Morrisons is the first of the UK's 'Big Four' to report Christmas trading figures, with the retailer posting a 9.3% like-for-like sales increase in the 22 weeks to 3 January.
'All customer and brand metrics have improved, market share has grown, and our online and wholesale channels are growing very rapidly as we develop as a multi-channel business,' the company said in a statement. 'We look forward to sustaining this strong momentum into the new year.'
Here's how leading retail analysts viewed its performance.
Russ Mould, AJ Bell
“There is no question that Morrisons and other UK supermarkets are in an enviable position relative to many other businesses and that is borne out by its positive festive update.
“Overall, the company has had a pretty good crisis. Its vertically integrated ‘field to fork’ supply chain helped it to keep the nation fed, plus its early decision to offer discounts to NHS and other key workers and the sanctioning of payments to help keep small suppliers afloat both made it a good corporate citizen but also enhanced its brand and reputation.
“This has been reflected in market share gains. It has also adapted to changing shopping habits by boosting its online capability. This includes a big expansion in its tie-up with Amazon and an overall reduction in its dependency on Ocado.
“While the company has been able to adapt better than most to the pandemic, it still sees brighter days ahead in a post-Covid future as additional costs fade and the fuel market goes back to something like normal.
“Thanks to the course steered by CEO David Potts, the company should emerge from coronavirus in pretty rude health.”
James Anstead, Barclays
"Morrison has released its trading statement for the 22 weeks to 3 January. The retail contribution to LFL was exactly as expected by consensus at 7.2% - and Morrison has more or less repeated its profit guidance from its early December statement. We tend to think the market may be slightly disappointed that the statement is only ‘in-line’ given some high hopes about the sector having had a very strong Christmas.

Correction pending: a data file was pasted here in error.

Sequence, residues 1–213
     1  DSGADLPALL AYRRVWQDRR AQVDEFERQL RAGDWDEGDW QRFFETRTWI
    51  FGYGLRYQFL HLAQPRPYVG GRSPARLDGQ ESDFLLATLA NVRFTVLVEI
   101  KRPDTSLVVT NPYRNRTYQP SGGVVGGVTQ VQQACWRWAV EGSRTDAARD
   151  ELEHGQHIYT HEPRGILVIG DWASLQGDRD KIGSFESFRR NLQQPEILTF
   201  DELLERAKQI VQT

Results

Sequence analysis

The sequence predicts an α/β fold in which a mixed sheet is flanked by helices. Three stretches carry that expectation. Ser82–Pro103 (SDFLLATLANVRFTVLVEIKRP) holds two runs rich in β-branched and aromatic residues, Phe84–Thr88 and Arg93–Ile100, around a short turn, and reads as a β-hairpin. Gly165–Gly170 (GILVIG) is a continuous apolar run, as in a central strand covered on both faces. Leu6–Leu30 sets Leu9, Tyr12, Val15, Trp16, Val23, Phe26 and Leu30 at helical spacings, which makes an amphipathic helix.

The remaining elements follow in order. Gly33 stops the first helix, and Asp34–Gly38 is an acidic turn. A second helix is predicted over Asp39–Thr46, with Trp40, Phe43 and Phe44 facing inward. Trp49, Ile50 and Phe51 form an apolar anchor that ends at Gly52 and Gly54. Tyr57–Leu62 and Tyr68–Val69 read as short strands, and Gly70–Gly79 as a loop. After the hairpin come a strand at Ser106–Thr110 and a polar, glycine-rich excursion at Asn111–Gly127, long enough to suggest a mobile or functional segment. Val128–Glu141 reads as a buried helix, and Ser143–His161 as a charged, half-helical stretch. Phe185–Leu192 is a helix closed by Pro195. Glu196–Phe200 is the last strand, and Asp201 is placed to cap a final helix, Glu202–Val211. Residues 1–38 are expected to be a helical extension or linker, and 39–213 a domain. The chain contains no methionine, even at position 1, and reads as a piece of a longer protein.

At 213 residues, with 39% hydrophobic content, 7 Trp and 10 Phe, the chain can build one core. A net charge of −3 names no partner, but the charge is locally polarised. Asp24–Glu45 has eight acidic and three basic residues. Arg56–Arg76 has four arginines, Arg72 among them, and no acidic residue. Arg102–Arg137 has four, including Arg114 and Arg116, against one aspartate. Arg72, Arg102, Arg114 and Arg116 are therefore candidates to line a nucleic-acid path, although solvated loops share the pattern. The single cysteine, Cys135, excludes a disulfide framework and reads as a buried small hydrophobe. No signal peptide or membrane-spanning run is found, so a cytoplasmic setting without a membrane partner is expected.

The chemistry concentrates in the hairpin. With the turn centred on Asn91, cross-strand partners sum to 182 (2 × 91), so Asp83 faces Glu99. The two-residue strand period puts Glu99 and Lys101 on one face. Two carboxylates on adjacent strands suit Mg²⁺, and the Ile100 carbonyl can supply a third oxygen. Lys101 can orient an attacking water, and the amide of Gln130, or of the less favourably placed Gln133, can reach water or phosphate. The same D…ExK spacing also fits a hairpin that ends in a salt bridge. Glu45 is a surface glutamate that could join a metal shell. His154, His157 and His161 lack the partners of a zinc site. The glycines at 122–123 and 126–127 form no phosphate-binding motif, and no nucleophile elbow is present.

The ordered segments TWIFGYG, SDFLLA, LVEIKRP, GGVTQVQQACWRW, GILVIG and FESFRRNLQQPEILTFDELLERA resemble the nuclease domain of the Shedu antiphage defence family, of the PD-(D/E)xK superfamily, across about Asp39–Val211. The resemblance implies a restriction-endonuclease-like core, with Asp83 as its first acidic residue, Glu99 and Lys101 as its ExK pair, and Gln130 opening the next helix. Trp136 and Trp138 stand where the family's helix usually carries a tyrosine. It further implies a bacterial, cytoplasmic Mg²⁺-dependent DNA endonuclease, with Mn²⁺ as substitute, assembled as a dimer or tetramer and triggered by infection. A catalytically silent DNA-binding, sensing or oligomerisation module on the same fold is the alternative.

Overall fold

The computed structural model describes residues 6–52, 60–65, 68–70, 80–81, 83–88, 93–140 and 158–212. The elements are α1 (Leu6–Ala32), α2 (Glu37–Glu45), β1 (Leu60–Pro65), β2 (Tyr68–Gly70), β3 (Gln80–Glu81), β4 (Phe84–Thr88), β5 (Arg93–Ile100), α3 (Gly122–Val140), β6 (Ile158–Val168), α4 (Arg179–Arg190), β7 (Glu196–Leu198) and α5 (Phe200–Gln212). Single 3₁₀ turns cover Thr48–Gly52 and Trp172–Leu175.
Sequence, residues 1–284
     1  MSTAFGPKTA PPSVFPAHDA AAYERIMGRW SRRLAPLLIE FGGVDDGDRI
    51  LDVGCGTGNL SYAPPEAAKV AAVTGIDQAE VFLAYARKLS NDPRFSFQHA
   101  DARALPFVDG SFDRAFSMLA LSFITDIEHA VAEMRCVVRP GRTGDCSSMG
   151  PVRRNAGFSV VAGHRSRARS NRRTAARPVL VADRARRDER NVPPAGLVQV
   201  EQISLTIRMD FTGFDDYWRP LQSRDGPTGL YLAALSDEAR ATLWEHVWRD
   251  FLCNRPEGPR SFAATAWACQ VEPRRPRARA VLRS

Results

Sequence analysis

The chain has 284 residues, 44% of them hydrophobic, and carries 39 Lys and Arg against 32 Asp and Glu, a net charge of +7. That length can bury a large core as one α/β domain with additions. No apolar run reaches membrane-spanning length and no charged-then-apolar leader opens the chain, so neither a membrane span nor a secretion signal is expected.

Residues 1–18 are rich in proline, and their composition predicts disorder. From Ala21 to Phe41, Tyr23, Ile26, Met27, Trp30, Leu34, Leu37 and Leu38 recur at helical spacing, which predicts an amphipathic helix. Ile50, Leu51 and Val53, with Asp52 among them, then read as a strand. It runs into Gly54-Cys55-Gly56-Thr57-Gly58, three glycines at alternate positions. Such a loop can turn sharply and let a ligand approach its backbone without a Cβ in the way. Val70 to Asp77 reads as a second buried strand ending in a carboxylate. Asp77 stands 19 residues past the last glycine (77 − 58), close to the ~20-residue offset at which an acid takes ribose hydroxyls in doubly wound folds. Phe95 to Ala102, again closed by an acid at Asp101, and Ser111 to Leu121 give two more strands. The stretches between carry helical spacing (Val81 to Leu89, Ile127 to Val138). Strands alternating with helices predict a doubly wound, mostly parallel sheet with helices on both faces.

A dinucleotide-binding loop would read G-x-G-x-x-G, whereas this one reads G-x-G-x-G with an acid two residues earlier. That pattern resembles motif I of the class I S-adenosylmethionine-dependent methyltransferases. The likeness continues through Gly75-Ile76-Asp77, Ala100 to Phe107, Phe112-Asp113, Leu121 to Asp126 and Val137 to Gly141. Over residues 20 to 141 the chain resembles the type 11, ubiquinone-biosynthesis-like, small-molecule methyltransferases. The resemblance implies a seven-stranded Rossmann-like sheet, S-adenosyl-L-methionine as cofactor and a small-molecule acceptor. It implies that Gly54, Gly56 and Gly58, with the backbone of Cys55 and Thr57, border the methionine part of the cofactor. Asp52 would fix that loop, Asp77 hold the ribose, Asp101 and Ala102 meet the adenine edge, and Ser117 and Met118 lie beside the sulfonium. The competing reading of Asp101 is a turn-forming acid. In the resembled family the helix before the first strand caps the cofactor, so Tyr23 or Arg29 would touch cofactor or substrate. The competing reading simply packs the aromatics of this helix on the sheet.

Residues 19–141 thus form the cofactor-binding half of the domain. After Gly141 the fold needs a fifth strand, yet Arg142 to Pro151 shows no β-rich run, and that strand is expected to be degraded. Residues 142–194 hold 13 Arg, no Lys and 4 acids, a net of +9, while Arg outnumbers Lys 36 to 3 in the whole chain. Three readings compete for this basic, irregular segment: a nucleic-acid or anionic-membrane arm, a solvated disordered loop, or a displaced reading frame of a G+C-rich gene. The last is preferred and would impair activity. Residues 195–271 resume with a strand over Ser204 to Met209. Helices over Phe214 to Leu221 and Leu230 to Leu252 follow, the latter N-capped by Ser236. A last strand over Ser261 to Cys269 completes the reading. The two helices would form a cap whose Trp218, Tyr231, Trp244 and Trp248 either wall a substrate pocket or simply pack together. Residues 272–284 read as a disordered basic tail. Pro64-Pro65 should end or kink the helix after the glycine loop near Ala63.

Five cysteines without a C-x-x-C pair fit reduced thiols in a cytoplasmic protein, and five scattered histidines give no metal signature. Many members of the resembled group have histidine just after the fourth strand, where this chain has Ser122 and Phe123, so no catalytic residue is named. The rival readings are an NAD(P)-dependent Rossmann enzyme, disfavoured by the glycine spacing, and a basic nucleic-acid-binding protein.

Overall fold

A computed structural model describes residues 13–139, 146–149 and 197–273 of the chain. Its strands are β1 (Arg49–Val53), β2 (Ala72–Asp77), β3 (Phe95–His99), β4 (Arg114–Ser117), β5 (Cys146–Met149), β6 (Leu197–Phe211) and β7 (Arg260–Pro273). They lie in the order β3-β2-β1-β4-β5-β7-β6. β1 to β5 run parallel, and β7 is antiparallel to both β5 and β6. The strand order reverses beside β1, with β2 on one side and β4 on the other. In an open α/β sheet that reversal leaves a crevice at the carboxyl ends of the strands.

"As a reminder, when Morrison announced it would forego Business Rates Relief (2 December) it stated that it expected PBT to be in-line with consensus of £433m (before the £230m cost of foregone BRR) – it is now saying £420-440m (despite a further £10m of COVID-related cost since December). It reiterates its previous guidance of £1.7bn year-end net debt."
Thomas Brereton, GlobalData
“Morrisons’ success over the period is largely driven by its expanding online offer, a portfolio that now includes ‘Morrisons on Amazon’, a strong partnership with Deliveroo and innovative propositions such as its food boxes. As a result, Morrisons claims that online sales have more than tripled in recent Q4 trading, a growth figure that will be hard for rivals to match.
"While analysis must bear in mind that, pre-COVID-19, Morrisons had a smaller online operation than its competitors (and thus easier to achieve higher growth), it has embraced the shift in consumer spend from offline to online as well as any of the major players. This has clearly not come at the expense of store development however, opening three stores during the period (bringing the total to six for the year) and cleverly adapting tired McColl’s stores into fresher Morrisons Daily fascias (31 in total, with conversions likely to continue apace in 2021).
“As the saga of COVID-19 rolls on, alongside dealing with the impact of a rushed Brexit deal, Morrisons must play to its strengths in 2021, particularly emphasising to customers the extent of its local produce sourcing compared to competitors while ensuring that it keeps prices as low as possible to keep pace with a newly value-driven Tesco and the discounters in the face of tough economic conditions.”
Roberto Pozzi, Moody's
“Morrisons’ food sales have kept growing in the 22 weeks to 3 January (+8.1% like-for-like, excluding fuel), driven by continued growth online, with sales more than tripling in the last two months. This confirms our expectation that the UK grocery sector remains resilient despite the recent lockdown measures, and one of the few retail sectors to continue see sales growth.
"We anticipate overall retail sales volumes and profits will continue to recover in 2021 but will remain below 2019 levels for many European retailers; food demand will gradually normalise from 2020 peak levels.
Clive Black, Shore Capital
"Group ex-fuel like-for-like (LFL) sales growth, elevated activity fuelled, of course, by the impact from the pandemic (last 3W LFL sales grew by 9.3%). Whilst so, Covid-19 has had a major cost impact, £280m now estimated for FY2021 (+£10m on prior guidance) whilst business rates (c£230m) will now be paid and the Group has incurred the hit to operating profits from closed cafes and lower food-togo (F2G) activities.
"Hence, we keep our FY2021 forecast (£435m) unchanged albeit await January developments and will review at the month end. As previously guided, FY2021 net debt will be c£1.7bn (pre-leases), a level we expect to notably decline in FY2022, with Morrison reiterating the forthcoming payment of a 4.0p special dividend and a commitment to an ordinary FY2021 final payment.
"We deem this to be a highly credible performance by Morrisons, one where the brand reputation is enhanced, capability heightened, and market share gained. The future is full of uncertainty but Morrisons looks set to press on in FY2022 and thereafter."
© 2021 European Supermarket Magazine – your source for the latest retail news. Article by Stephen Wynne-Jones. Click subscribe to sign up to ESM: The European Supermarket Magazine.